The other day my wife Kathleen and I were in the car listening to the new “Beatles” channel on our satellite radio. She remarked on the number of songs the Beatles had obviously recorded that we’d never heard before, and honestly, a significant number of those songs are junk. The Beatles literally transformed rock and roll, and we’ve come to think that everything they recorded was brilliant. But the truth is – even with the greatest artists – quantity comes before quality.
In other words, to mine gold, you have to dig through a lot of dirt. With the exception of only a handful of artists (although we don’t know how much artists like Shakespeare tossed in the trash or has been lost), the vast majority of creative geniuses had to learn the craft. And in that process, they created a lot of forgettable work.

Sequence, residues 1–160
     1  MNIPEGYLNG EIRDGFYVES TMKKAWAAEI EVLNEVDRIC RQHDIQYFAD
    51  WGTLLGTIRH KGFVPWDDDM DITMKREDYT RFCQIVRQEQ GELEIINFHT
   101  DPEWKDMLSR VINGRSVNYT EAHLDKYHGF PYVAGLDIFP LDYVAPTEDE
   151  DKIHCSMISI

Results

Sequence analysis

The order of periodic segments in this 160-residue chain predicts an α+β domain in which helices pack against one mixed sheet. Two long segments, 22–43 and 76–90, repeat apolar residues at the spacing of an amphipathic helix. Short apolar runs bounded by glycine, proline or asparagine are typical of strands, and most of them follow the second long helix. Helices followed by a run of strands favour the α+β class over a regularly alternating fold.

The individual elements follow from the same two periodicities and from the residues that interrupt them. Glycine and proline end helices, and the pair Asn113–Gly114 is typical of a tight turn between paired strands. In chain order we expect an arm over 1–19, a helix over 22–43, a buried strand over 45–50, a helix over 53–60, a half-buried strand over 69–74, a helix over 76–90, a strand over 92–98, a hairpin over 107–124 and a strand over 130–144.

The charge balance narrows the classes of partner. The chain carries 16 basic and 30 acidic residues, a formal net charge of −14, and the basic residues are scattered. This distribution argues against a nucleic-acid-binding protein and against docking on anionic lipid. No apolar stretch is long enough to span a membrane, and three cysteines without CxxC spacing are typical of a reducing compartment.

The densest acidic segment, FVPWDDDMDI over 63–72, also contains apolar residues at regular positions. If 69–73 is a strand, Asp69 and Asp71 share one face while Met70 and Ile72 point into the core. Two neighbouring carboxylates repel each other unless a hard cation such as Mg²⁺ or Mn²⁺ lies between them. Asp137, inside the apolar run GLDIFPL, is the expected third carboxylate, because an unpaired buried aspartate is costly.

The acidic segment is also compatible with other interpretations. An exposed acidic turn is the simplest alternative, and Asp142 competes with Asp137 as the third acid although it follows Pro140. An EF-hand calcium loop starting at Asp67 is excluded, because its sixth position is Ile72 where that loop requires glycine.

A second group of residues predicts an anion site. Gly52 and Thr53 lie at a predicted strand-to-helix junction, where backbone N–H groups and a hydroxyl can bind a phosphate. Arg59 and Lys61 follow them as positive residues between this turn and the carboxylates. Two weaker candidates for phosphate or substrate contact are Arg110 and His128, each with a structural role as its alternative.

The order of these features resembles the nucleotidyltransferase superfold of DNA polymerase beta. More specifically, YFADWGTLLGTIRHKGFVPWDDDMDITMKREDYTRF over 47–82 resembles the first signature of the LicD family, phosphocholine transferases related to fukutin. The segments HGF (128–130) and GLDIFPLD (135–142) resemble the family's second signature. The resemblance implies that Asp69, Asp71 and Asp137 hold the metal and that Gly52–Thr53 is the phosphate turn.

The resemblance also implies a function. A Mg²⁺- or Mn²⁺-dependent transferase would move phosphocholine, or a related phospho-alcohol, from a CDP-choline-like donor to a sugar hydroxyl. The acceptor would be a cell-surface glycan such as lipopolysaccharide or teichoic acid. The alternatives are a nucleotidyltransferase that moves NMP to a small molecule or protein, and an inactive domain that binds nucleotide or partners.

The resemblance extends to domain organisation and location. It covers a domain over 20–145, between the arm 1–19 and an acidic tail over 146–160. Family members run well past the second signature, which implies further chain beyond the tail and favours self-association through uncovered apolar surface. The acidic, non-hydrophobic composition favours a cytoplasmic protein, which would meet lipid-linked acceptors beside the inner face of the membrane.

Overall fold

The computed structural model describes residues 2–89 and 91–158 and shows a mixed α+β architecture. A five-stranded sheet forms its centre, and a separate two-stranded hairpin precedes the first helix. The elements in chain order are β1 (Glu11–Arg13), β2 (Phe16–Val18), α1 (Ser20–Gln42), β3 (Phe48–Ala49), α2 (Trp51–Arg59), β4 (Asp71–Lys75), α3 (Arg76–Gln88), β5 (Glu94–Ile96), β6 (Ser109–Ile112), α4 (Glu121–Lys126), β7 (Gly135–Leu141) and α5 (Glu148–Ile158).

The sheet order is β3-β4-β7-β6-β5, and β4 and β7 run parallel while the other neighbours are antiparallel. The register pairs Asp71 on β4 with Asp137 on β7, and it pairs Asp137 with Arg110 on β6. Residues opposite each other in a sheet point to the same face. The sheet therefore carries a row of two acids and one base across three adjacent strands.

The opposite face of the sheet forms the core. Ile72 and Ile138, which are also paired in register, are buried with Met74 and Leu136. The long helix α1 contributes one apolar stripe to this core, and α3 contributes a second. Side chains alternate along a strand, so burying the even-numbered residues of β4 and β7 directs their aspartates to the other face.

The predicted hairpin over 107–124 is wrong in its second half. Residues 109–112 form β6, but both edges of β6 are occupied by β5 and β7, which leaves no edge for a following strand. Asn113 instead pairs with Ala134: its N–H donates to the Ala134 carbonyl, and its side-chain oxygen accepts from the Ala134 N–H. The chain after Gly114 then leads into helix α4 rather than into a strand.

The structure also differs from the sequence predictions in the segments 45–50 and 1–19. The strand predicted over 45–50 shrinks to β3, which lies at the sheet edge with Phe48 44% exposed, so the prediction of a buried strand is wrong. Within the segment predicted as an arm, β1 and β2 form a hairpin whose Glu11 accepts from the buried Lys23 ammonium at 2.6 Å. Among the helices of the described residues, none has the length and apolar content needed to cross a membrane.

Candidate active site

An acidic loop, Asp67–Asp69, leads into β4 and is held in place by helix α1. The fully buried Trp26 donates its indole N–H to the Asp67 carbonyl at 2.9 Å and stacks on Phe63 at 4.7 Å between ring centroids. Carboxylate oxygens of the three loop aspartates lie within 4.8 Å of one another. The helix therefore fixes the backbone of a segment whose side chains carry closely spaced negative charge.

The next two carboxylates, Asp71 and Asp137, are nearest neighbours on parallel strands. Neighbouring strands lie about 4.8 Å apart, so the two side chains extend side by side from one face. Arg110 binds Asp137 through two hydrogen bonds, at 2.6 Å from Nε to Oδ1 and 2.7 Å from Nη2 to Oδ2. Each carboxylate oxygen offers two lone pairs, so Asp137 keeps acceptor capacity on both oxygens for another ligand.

The point is, don’t assume your first screenplay, novel, song, or other work is the big one. I met someone new to Hollywood last week who told me he was a screenwriter. “What have you written?” I asked. His reply? “One screenplay, and I’m trying to sell that.”
Good luck. Most successful writers have boxes full of screenplays, novels, notes, aborted projects and more that they would be embarrassed to show anyone. But all that work was a training camp; the roadmap that got them to where they are now.
So get to writing, filming, composing music, developing ideas – just do the work, and worry later about what’s good and what isn’t. Because that’s what it takes to get from where you are, to where you want to be.